The Influence of Minimally Invasive Percutaneous Nephrolithotomy on Renal Pelvic Pressure In Vivo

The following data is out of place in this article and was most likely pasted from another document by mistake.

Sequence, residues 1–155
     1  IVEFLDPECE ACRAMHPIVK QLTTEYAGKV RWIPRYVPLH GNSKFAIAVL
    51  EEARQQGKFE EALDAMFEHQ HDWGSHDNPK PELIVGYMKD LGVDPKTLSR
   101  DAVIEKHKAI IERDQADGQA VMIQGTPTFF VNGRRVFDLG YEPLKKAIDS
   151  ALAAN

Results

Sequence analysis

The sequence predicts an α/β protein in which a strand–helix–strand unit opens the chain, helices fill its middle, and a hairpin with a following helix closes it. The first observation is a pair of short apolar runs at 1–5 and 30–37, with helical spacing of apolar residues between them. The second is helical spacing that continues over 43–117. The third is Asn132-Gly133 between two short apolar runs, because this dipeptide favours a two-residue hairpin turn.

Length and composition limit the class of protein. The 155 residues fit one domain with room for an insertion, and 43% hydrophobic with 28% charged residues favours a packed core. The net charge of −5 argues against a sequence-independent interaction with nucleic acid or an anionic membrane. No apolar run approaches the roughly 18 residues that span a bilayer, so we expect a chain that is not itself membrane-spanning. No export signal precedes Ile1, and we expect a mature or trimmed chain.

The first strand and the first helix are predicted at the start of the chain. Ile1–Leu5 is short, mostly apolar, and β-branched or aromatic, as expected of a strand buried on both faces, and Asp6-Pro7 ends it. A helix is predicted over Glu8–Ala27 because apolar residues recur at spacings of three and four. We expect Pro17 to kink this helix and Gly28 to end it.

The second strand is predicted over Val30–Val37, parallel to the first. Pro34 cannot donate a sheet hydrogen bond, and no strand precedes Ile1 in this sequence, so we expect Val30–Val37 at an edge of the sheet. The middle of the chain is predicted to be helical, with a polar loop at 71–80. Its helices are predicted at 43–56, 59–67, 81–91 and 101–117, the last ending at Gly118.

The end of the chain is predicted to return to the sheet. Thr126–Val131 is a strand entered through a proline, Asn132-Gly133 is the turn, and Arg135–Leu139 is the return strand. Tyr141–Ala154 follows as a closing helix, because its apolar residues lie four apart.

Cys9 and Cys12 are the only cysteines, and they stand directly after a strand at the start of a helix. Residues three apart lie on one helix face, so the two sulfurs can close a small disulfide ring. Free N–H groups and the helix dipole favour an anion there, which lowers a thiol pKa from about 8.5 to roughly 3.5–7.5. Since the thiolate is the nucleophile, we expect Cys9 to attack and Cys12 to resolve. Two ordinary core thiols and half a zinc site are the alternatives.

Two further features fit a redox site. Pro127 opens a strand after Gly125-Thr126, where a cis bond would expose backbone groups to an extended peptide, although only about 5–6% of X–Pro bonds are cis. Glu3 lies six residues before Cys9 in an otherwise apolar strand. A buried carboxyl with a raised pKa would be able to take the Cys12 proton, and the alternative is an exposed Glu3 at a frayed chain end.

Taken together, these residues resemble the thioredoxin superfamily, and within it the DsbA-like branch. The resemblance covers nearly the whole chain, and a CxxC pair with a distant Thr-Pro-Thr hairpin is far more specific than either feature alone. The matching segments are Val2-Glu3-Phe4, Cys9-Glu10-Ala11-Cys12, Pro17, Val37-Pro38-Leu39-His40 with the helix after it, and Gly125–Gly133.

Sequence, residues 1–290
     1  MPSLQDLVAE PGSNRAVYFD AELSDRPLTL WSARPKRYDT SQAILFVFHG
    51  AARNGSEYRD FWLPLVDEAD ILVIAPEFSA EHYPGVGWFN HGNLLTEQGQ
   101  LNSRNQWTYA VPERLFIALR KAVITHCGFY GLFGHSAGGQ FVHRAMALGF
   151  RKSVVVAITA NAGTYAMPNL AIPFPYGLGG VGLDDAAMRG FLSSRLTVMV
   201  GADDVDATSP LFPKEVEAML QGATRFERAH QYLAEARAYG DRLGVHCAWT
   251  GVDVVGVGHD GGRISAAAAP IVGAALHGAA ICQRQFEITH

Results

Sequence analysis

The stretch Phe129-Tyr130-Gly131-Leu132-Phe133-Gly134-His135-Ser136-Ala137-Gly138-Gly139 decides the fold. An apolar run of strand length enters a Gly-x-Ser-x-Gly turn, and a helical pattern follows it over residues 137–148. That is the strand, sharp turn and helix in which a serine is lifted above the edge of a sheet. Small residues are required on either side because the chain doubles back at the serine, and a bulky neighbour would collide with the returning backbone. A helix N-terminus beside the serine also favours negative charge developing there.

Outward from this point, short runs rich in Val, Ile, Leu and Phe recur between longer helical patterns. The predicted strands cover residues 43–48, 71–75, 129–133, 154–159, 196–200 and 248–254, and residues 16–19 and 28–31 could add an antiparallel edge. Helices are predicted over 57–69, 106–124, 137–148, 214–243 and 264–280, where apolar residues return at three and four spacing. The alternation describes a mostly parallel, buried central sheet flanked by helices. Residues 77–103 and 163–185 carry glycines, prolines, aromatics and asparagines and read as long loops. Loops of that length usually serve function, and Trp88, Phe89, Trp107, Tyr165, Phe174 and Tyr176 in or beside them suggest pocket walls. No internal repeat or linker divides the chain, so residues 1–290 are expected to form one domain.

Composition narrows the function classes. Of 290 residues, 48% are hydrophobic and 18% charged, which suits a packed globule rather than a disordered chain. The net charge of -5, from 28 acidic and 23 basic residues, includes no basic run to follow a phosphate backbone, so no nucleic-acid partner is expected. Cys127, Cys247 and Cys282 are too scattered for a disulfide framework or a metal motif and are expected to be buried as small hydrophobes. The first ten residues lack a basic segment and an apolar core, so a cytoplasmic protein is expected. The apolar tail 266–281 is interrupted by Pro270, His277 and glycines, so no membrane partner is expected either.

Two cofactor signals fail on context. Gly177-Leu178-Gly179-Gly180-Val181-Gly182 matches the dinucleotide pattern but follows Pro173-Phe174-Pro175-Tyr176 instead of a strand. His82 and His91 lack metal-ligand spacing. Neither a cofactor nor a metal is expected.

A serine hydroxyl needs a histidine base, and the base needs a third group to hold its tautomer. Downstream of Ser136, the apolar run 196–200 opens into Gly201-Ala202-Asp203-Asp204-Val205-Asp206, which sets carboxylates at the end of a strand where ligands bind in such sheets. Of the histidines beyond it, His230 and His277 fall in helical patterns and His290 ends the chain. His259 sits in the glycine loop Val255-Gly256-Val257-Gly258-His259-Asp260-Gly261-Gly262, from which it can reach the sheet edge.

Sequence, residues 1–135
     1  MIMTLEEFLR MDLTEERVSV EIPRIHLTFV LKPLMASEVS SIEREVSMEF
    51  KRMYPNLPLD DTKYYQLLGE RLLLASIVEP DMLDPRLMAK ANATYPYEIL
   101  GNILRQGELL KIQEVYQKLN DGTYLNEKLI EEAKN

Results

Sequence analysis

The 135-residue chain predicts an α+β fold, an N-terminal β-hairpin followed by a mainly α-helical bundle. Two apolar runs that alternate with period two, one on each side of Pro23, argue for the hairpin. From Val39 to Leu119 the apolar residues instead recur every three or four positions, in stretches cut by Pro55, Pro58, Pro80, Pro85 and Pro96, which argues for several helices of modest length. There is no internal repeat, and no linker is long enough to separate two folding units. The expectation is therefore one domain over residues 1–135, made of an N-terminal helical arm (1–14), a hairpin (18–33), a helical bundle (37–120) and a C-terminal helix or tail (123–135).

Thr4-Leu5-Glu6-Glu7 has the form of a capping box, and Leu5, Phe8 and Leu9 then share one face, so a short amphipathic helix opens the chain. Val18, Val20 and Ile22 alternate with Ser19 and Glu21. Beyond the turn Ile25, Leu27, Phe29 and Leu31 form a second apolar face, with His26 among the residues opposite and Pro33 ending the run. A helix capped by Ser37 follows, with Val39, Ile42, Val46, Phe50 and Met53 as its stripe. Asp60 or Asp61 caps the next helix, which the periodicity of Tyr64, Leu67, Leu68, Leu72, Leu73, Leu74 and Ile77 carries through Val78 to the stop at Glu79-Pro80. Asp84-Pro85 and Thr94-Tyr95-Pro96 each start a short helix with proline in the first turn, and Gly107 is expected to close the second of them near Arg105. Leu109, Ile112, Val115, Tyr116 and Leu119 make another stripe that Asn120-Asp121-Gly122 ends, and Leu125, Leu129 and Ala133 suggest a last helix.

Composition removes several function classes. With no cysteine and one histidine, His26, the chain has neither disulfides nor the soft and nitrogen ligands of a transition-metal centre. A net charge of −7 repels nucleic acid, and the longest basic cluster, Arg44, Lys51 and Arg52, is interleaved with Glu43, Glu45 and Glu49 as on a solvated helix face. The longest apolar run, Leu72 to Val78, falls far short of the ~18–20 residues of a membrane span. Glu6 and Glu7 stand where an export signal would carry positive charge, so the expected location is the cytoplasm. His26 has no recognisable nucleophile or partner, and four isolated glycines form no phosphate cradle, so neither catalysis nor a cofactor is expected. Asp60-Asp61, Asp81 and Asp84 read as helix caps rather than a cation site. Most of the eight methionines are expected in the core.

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ObjectiveTo inspect the renal pelvic pressure during minimally invasive percutaneous nephrolithotomy (MPCNL) and to investigate whether the use of the 14 to 18-Fr percutaneous tract, 8/9.8-Fr rigid ureteroscope, and a perfusion with high pressure furnished for MPCNL results in high renal pelvic pressure.Patients and MethodsBetween July 2005 and February 2006, 76 patients were selected for renal pelvic pressure measurement during MPCNL. The renal pelvic pressure was measured by a baroceptor of the invasive blood pressure channel in a MAIDRAY PM9000 monitor, which was connected to the open-ended ureteric catheter indwelled in the renal pelvis retrogradely. The computer collected the renal pelvic pressure data each second and all the data were evaluated statistically with SPSS 12.0 software.ResultsDuring MPCNL within the 14, 16, 18, and double-16-Fr percutaneous tracts, the average renal pelvic pressures were 24.85, 16.23, 11.68, and 5.8 mm Hg, respectively. The average lasting times of renal pelvic pressure ≥30 mm Hg were 283, 96, 44, and 10 seconds, respectively. A postoperative fever ≥38°C was recorded in 2 (2/12), 3 (3/30), 2 (2/21), and 1 case (1/13), respectively.ConclusionsRenal pelvic pressure generally remains lower than the level required for a backflow (30 mm Hg), during MPCNL via 14 to 18-Fr percutaneous tract. Any factor, which causes bad drainage, will result in a temporarily elevated renal pelvic pressure greater than 30 mm Hg; and multiple temporary high-pressure episodes can have a cumulative effect, which means that there will be enough backflow to cause a bacteremia.

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